Example 1 : Retention of Stable Doors


barn conversion

barn conversion
barn conversion doors

Award winning barn conversion at Home Farm, North York Moors

A 'good' or 'bad' conversion is something which is highly subjective in nature. However, design award schemes by various institutions have publicly praised conversions which best conserve the historic fabric and the legibility of the original character, planform and setting of listed barns. This is particularly helpful in guiding developers and private owners to follow the ideal approach of individual county authorities in addition to any published design guidance. One example is the former Design Awards scheme run by the North York Moors which elected an annual winner for the 'Best Conversion Project' category. The winners of the 2018 awards carried out the conversion of a series of curtilage-listed barns at 'Home Farm'. A new structure links the barns together to maximise the space available for the family home. Interestingly, stable doors have been retained to the interior within this approach which represents a highly commendable attempt to maintain maximum legibility of the former functions of these rooms. Other doors throughout also attempt to mimic this agricultural character - including sliding doors typical of agricultural ranges. Furthermore, timber beams have been retained wherever possible, alongside the open character of specific rooms.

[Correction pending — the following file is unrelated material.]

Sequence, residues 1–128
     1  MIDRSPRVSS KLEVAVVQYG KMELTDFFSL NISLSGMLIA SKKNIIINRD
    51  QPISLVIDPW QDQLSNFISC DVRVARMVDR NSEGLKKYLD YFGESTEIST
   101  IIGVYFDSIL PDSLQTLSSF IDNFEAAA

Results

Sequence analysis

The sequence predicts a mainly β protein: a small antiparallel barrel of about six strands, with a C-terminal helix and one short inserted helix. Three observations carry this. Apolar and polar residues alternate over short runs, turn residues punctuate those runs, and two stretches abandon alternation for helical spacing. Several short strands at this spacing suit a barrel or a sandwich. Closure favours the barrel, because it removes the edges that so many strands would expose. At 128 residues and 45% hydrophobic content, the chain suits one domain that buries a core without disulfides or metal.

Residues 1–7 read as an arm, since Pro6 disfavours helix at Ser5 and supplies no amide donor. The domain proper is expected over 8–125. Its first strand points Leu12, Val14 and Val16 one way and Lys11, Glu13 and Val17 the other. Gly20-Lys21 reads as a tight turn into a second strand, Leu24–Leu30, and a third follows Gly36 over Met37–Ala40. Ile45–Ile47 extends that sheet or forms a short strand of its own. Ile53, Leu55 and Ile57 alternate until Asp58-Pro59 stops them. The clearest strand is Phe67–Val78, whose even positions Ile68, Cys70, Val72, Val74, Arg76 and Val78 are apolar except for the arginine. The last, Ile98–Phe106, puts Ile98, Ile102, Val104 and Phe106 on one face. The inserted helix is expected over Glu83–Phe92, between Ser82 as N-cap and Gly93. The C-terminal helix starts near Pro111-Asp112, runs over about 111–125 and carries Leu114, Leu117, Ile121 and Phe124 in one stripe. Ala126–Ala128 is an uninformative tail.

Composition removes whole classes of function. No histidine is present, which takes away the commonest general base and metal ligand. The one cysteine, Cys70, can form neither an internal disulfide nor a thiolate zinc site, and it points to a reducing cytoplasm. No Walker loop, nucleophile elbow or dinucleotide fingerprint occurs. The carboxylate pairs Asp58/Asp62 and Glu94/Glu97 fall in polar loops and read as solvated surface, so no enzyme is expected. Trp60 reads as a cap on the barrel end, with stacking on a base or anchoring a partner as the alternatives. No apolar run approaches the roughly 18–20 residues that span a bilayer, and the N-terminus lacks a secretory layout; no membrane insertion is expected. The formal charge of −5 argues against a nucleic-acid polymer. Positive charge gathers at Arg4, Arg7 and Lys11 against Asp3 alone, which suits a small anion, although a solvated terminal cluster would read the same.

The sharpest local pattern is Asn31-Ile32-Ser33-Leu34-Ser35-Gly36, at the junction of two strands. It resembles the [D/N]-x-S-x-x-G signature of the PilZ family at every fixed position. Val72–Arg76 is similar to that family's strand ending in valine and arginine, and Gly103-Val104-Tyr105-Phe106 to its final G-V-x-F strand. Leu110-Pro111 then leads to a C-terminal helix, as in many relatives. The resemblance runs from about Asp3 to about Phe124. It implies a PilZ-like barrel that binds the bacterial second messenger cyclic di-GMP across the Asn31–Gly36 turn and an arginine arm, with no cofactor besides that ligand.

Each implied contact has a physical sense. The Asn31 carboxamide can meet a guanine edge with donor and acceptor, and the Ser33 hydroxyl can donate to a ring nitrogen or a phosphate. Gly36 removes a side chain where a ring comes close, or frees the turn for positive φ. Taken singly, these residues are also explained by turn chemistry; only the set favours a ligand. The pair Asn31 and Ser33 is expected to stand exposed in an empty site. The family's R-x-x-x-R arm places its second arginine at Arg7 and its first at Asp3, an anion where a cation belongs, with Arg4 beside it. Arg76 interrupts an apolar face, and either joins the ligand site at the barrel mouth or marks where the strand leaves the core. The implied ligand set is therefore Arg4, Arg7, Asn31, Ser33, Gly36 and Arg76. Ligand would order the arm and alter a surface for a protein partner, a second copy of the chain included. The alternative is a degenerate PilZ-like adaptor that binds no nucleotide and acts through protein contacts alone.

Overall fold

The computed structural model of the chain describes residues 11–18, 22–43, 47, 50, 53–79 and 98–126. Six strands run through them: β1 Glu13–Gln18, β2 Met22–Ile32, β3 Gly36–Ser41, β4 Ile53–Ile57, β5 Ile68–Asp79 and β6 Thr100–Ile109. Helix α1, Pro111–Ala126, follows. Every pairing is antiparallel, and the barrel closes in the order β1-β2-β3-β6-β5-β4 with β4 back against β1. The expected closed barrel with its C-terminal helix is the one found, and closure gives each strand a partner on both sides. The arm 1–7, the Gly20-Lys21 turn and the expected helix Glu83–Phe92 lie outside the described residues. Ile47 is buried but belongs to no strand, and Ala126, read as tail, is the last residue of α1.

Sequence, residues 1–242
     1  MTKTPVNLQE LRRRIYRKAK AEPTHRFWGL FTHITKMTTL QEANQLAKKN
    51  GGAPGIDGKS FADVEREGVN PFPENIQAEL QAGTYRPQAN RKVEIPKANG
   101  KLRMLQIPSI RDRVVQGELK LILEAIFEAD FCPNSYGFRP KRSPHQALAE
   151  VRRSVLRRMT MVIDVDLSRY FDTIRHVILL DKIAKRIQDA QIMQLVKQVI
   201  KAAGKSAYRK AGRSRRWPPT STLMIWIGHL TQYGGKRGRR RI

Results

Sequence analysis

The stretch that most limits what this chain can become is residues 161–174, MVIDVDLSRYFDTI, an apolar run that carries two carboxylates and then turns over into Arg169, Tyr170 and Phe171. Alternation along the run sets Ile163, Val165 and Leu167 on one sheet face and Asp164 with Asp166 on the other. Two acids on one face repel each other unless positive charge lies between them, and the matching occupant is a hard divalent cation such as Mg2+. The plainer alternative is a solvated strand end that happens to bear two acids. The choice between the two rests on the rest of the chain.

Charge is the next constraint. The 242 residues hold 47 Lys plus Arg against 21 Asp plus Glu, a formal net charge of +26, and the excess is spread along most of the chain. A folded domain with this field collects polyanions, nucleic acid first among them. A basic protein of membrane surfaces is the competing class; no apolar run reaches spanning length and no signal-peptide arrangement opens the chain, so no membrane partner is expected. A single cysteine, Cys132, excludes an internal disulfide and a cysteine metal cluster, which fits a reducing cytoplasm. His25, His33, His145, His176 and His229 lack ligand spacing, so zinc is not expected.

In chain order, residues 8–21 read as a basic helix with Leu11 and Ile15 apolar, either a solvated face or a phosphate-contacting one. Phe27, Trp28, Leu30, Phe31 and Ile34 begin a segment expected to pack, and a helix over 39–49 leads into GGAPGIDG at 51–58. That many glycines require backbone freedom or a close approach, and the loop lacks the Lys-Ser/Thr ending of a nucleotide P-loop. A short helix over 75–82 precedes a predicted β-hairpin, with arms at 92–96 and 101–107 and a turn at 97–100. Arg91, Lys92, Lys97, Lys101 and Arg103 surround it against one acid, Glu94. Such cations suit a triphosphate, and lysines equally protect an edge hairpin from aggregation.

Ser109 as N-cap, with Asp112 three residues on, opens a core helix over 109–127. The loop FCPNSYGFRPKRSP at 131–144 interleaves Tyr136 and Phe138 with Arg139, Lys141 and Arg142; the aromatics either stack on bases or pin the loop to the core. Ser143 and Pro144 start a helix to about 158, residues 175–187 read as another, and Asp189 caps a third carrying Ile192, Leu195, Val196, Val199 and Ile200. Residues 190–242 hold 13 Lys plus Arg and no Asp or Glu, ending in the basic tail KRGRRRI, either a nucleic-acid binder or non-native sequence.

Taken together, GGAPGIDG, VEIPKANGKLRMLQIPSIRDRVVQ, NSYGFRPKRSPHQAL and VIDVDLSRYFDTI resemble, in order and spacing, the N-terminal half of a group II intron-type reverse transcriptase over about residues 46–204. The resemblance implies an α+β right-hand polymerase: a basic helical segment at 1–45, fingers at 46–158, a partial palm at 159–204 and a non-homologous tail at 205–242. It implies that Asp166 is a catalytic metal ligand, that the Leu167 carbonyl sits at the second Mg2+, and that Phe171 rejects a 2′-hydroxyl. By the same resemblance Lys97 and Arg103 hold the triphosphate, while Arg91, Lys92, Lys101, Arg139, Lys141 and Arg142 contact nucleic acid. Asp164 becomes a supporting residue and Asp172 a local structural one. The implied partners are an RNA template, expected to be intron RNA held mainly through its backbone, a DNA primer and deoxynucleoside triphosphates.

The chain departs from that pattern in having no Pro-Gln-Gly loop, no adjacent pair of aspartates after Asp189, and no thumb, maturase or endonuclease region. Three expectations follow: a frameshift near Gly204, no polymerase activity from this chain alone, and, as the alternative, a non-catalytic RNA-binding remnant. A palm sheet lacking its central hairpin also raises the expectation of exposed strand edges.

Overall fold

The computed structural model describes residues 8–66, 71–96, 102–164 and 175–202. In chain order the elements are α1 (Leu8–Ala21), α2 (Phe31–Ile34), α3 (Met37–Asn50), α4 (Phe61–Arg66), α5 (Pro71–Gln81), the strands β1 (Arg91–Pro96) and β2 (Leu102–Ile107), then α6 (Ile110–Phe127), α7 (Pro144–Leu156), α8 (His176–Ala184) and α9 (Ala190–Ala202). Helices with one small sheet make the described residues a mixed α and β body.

Example 2 : Retention of Historic Beams & Modern Shed


barn conversion beams

Beacon View barn conversion including a high retention of original timber features

Winners of the 2012 awards included the conversion of a listed sandstone barn called 'Beacon View Barn' at Crag House Farm. It was stated that this conversion project incorporated exceptionally high levels of design and craftsmanship which resulted in an 'inconspicuous' and 'modest' conversion. As the image shows, extremely high numbers of historic beams have been left exposed which affords a unique rustic character to the space - even including timber lintels to the doorways. This rustic character is also evident in the choice of flooring materials which capture the essence of historic flagstone floors which historically provided suitable surfaces for threshing and livestock housing. Sections of the historic stone walling have even been exposed wherever possible. The open character of the room has also been retained which is reminiscent of its former industrial function. Interestingly, the later agricultural sheds have also been retained to provide a sheltered outdoor seating area with sweeping views across the designated national park landscape. The insertion of stone paving especially contributed to transforming this into an attractive, usable space.